Critics’ Picks

View of Shannon Te Ao’s my life as a tunnel, 2018.

View of Shannon Te Ao’s my life as a tunnel, 2018.

Lower Hutt

Shannon Te Ao

The Dowse Art Museum
45 Laings Road
April 21–July 22, 2018

Being in Shannon Te Ao’s exhibition “my life as a tunnel” is a bit like entering another body. The gallery is lit only by the dim glow of the show’s two video projections, and their soundtracks ripple through the room as though through skin, tissue, and marrow.

Such is the viscous intimacy of A torch and a light (cover), 2015. In the video, the words of a precolonial waiata (a Māori song) are spoken as the camera pans across the dark walls of a former abattoir: “Sparkling brightly on high / Are a hundred stars of early morn; / Would ye’ together were my spouse / I would then enclasp ye all in close embrace.” After this, a man’s hands meditatively sculpt hot, wet towels on a table. The steady whistle of his breath and the sloshing of wet cotton are as strangely erotic as the glistening rings on his moving fingers.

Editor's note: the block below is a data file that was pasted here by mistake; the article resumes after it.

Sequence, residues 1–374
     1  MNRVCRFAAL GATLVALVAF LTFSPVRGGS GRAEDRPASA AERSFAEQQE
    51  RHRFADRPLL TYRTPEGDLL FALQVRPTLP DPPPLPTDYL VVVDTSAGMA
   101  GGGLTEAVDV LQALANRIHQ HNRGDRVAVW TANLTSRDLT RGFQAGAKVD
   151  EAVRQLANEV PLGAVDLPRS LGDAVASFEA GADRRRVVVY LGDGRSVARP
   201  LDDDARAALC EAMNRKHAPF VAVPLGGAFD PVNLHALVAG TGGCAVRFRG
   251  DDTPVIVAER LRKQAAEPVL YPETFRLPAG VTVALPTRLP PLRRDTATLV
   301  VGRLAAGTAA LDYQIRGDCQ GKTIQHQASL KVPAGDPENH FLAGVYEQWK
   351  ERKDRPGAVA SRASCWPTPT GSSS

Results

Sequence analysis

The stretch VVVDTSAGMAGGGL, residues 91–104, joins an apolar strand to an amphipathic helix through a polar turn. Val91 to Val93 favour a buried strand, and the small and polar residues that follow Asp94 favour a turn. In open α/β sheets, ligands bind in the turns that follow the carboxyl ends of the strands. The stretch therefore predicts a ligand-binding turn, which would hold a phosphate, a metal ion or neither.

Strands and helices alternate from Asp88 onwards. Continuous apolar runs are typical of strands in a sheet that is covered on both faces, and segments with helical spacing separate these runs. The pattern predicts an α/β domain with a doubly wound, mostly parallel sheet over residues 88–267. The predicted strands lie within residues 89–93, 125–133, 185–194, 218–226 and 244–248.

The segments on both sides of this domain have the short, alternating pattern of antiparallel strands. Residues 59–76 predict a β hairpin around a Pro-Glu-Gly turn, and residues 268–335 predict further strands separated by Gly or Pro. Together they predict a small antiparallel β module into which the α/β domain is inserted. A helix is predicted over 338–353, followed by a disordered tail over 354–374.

Te Ao’s second work in the show, my life as a tunnel, 2018, reinterprets a scene from Charles Burnett’s 1978 film Killer of Sheep. In the film, a vignette of desire and weariness in LA’s primarily black Watts neighborhood, a couple slow-dances together in their living room to Dinah Washington’s rendition of “This Bitter Earth.” In Te Ao’s work, two Māori men enact something between a choreographed sway and a painful hug. Their gestures are paired with a Māori translation of the same song.

Te Ao has described the idea of “time travel in one’s own body” as a way to access the belief systems and traditions to which the indigenous body is historically yoked. He’s onto something. His work burrows deep into genealogical space-time and resurfaces with a kind of polymorphous empathy, a tenderness across generations and ancestries.